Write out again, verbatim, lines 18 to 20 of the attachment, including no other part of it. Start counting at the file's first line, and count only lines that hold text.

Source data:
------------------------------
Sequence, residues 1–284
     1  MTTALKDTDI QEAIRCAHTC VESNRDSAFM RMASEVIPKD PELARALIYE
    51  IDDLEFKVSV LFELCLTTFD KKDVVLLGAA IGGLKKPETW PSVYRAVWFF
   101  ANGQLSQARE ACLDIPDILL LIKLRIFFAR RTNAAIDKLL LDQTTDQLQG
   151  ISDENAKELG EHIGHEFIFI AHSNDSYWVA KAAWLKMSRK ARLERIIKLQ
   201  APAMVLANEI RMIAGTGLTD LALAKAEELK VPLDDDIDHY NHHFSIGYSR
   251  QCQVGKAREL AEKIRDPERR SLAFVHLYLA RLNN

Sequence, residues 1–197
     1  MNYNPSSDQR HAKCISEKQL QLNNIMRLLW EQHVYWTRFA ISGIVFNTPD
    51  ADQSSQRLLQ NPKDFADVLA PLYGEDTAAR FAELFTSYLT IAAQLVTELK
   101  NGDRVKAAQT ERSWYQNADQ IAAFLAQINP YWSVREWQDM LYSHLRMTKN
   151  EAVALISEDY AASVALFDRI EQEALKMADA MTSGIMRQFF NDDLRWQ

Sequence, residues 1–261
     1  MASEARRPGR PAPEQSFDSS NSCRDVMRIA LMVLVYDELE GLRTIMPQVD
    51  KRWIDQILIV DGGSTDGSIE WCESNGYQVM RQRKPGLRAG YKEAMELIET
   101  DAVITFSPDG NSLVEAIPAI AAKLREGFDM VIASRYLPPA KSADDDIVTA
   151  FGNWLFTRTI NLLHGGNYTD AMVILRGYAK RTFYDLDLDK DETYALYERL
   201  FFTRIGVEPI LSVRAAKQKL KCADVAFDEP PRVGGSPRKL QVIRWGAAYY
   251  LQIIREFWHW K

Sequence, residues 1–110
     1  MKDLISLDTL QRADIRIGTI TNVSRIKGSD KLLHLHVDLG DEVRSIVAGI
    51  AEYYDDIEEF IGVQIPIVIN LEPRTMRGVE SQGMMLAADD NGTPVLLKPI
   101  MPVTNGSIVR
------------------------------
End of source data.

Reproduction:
   201  FFTRIGVEPI LSVRAAKQKL KCADVAFDEP PRVGGSPRKL QVIRWGAAYY
   251  LQIIREFWHW K

Sequence, residues 1–110